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04/18/2013 7:34 PM ET

Freeman heads back to Louisville

CINCINNATI -- To make room for the callup of starting pitcher Tony Cingrani on Thursday, the Reds optioned reliever Justin Freeman to Triple-A Louisville.

Freeman was called up on Monday for the first time in his career when ace Johnny Cueto went on the disabled list with a strained right lat muscle.

During the Reds' 11-2 win over the Phillies, Freeman made his Major League debut and gave up two runs in the eighth inning. Freddy Galvis' jumped a first pitch for a two-run home run.

"I'm glad we got him into the game last night. I hate to have a kid come up here and go right back without pitching," Reds manager Dusty Baker said. "He learned something. He thought with the score at 11-0 that the guy was just going to take one. He learned the hard way. It was a good lesson for him."

Cozart is thriving in the two-hole

CINCINNATI -- Sometimes it's hard to find the catalyst for a hot streak, and sometimes it's remarkably easy. Reds shortstop Zack Cozart falls into the latter category.

Cozart has taken off at the plate since returning to the second spot in the lineup. In that spot, he entered Thursday batting .385 (10-for-26) with two home runs in six games. He had hit safely in four of his last five, with a pair of three-hit games -- including during Wednesday's 11-2 thumping of the Phillies.

"I'm just familiar with it," Cozart said of the two-hole. "Any time you're hitting in front of Joey [Votto], you're going to get better pitches to hit, too. They don't want to put me on and have him coming up."

While he was slotted as the No. 7 hitter, Cozart batted .097 (3-for-31) with two homers in eight games.

"I'm glad to see him get going because he was starting to press," Reds manager Dusty Baker said.

Last season, Cozart didn't have his fourth homer until May 21. He also batted .324 in his 27 games as the No. 2 hitter.

"I guess a lot of people didn't realize I hit well in the two-hole last year," Cozart said. "So far, so good this year. Hopefully I can keep it going."

Votto is still productive despite slow start

CINCINNATI -- It's not often that a player who reaches bases in more than half of his plate appearances is viewed by some as struggling, but most players don't hit like Joey Votto. The Reds first baseman entered Thursday batting .277 with one homer, three RBIs and 14 strikeouts. But helped by a Major League leading 22 walks, he carried a league-best .521 on-base percentage and has reached in every game in which he's played.

While the Reds banged out 15 hits in Wednesday's 11-2 win over the Phillies, Votto was the only starter to go hitless. He was 0-for-3 and was hit by a pitch.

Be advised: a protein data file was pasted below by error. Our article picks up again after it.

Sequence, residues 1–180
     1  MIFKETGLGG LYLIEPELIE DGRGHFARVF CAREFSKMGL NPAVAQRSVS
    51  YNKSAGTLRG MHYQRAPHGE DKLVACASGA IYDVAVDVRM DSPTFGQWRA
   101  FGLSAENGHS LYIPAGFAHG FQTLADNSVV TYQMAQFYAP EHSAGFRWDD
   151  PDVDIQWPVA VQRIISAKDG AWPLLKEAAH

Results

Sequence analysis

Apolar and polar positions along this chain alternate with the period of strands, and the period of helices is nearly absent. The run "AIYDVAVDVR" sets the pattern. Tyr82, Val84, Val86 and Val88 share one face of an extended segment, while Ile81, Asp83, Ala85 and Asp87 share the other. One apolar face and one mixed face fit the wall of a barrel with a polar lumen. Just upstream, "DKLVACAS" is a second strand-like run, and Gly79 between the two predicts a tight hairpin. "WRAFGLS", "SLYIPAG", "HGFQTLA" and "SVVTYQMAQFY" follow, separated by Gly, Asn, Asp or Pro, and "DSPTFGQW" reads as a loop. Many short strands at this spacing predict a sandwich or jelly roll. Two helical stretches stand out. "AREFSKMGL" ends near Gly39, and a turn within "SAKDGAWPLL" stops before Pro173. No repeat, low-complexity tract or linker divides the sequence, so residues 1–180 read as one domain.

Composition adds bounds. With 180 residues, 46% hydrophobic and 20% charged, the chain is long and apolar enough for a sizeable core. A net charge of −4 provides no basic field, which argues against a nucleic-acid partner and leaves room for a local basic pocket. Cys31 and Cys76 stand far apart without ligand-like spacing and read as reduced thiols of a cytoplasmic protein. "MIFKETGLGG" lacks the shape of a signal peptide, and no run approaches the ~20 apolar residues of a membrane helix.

"Joey did what I used to do. If we get 18 hits, I'd get none. Always. Then we'd get six hits and I'd get four," Reds manager Dusty Baker said. "It's hard to explain."

Through 15 games last season, Votto was batting .269 with one homer, eight RBIs, 14 walks, 16 strikeouts and a .418 on-base percentage. In May last season, he batted .355 with six homers.

Baker was not concerned about Votto.

"Everybody is going to have their turn. Joey is going to have his turn," Baker said. "Water seeks its own level. We just feel fortunate we have Brandon [Phillips] and some other guys playing well in that middle spot."

Mesoraco gets nod in Cingrani's starting debut

CINCINNATI -- For Tony Cingrani's first big league start on Thursday vs. the Marlins, Devin Mesoraco started behind the plate the second straight day. For much of last season, Mesoraco would catch back-to-back days and be off three straight days while primary catcher Ryan Hanigan started.

So far this season, Mesoraco has mostly caught when Mike Leake pitched. While Cingrani is around in place of injured ace Johnny Cueto, could the old system be returning? Manager Dusty Baker would not say.

"Ideally, I'd like the catcher that can help us that night," Baker said on Thursday. "I don't like either one of them off two days or three days. Ideally, we'd like a [Cardinals All-Star] Yadier Molina. That's what you'd like. That's why he's the best there is in the game. You'd like an offensive catcher that can shut down the running game and block balls in the dirt. Who knows? We might still have that but we've got what we've got right now."

Mesoraco was 2-for-4 with two doubles on Wednesday and came in batting .267. Hanigan has gotten off to a slow start, batting .086 (3-for-35) in 11 games. Last week, Hanigan took a foul ball off of his left thumb, which Baker thinks might be affecting him.

"It's a good thing for him to be off two days," Baker said. "That's a tough injury when you hurt your thumb and you're catching with your left hand. You get balls running on you, sinking on you and you can't catch every ball perfectly. He's injured but not hurt. I talked to him about how to handle it offensively. I had three hand operations. It's tough when you're hands hurt. It's something you take for granted."

Mark Sheldon is a reporter for MLB.com. Read his blog, Mark My Word, and follow him on Twitter @m_sheldon. This story was not subject to the approval of Major League Baseball or its clubs.